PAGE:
A couple of years back, deciding on which smartphone to splash out on, was a two-horse race. You were either a fan of Samsung and their Galaxy products, or you were a devout believer in Apple and their signature ecosystem of phones. Out of nowhere, Huawei snuck up on the industry giants and easily took the lead, thanks to phones such as Huawei P9 and this year’s spectacular P20 Pro.
Huawei could have easily closed off 2018 with the P20 Pro as their signature smartphone of the year, a flagship that set new benchmarks in design and what these devices can be capable of. It wasn’t enough for the manufacturer, as they doubled down on the flagship ethos and produced a second heavyweight in the form of the Huawei mate 20 Pro. On the surface, the Mate 20 Pro combines all of 2018’s trendiest technology into one portable device…and then some.
Heck, the Mate 20 Pro isn’t just the best big budget Android smartphone that you can buy right now. It’s probably 2018’s best smartphone, period.
Before you can even get inside the Mate 20 Pro, you’ve got to take a look at the device from the outside. Much like the P20 Pro, the Mate 20 Pro comes encased in a metallic finish that oozes a hip new style and multiple layers of colour that makes it instantly stand out from the pack. The screen itself is a chunky 6.39” AMOLED capacitive touchscreen, which features a wraparound setup that may be polarising.
It’s great, because it looks as cool as can be and ensures that over 83% of the phone is pure visual tech, but also a tad bit fuzzy on the edges from time to time. It’s not a dealbreaker however, because when you’re staring directly at the phone, the end result is a crisp and vibrant picture, easily switching from warm colours to cooler and sharper images with the flick of a thumb.
That all-encompassing screen design also makes for a comfortable phone, easily placing the Mate 20 Pro in competition with Sony’s superb XZ2 when it comes to instant ergonomics. There is of course the obligatory notch by now, volume controls and USB-C charging functionality, as well as a slot to insert a Huawei proprietary tech memory card into the phone in case you need more storage. With 128GB of built-in storage space, it probably won’t be necessary to even open that memory card compartment however.
You flip the phone over, and you’ll notice Huawei’s other big departure with the Mate 20 Pro: The camera setup. Instead of a row of sensors and lenses, the Mate 20 Pro has instead grouped the lot of them into a more aesthetically pleasing quartet of camera tech in a square box. It’s not just easier on the eyes either, but the actual placement of the lenses should make it easier to position a camera for a more optimal shot that doesn’t include an extreme close-up of your thumb, when compared to other devices.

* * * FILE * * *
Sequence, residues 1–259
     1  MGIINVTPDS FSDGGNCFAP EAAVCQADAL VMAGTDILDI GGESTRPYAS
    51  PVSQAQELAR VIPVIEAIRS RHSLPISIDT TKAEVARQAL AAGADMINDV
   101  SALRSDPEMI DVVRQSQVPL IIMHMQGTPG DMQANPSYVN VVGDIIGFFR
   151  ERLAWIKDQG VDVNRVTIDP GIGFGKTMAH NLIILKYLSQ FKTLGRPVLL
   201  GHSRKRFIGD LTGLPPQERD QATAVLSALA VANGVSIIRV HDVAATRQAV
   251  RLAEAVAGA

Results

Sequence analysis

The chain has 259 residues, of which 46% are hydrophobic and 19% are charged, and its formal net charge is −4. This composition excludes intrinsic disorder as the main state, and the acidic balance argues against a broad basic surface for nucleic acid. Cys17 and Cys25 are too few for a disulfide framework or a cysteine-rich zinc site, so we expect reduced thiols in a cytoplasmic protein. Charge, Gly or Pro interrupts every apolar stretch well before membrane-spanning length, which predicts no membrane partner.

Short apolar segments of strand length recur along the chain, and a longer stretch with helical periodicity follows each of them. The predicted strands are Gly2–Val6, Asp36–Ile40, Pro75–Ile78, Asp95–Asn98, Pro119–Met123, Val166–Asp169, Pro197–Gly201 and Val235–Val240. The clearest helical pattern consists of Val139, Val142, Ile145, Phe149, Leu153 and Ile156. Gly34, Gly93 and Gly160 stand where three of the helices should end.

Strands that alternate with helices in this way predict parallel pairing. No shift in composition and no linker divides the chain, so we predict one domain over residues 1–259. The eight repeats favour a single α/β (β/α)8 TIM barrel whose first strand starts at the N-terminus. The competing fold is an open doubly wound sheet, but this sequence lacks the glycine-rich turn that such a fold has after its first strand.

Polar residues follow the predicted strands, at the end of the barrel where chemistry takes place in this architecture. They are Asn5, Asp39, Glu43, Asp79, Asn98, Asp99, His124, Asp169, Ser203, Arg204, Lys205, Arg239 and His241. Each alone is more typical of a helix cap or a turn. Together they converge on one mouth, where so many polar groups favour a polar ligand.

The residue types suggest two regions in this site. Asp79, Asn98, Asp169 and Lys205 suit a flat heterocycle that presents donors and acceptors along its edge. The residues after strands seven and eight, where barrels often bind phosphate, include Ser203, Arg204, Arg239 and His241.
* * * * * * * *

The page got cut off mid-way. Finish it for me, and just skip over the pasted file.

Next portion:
There are also zero physical fingerprint sensors on the Mate 20 Pro, with that job now being reserved for the screen itself. Register your digits, pick your phone up and place your finger of choice on the spot to instantly unlock the phone. Easy and convenient.
So what’s under the hood then? According to Huawei, your cash gets you a phone that’s equipped with the very latest in bleeding edge tech. There’s a new 7nm Kirin 980 processor that is designed to be faster and more efficient than the usual Snapdragon chipset, 6GB of RAM and a ton of clever AI tricks zipping through the millions of processors so that the phone can run in optimal mode 24/7.
Long story short, the Mate 20 Pro is a quick and responsive phone. Flipping through menus, starting apps or playing games felt quick and easy, with the device never slowing down or bugging out for me once during my two weeks with it. Current Android operating systems may be plenty inspired by Apple’s iOS lately, but if that means that I’m getting a fluid and nippy system of menus and apps to navigate through with zero fuss? I’m not complaining.
There’s also a hell of a battery that keeps the lights on, a hefty 4,200mAh brick of power that ensures that charging can be an afterthought as the Mate 20 Pro can easily last for days on a single full charge. It’s also absurdly light for its size, with my review phone even handling two days of heavy use before I finally decided to give it a charge. Which took me just over an hour to go back to 100%. Madness.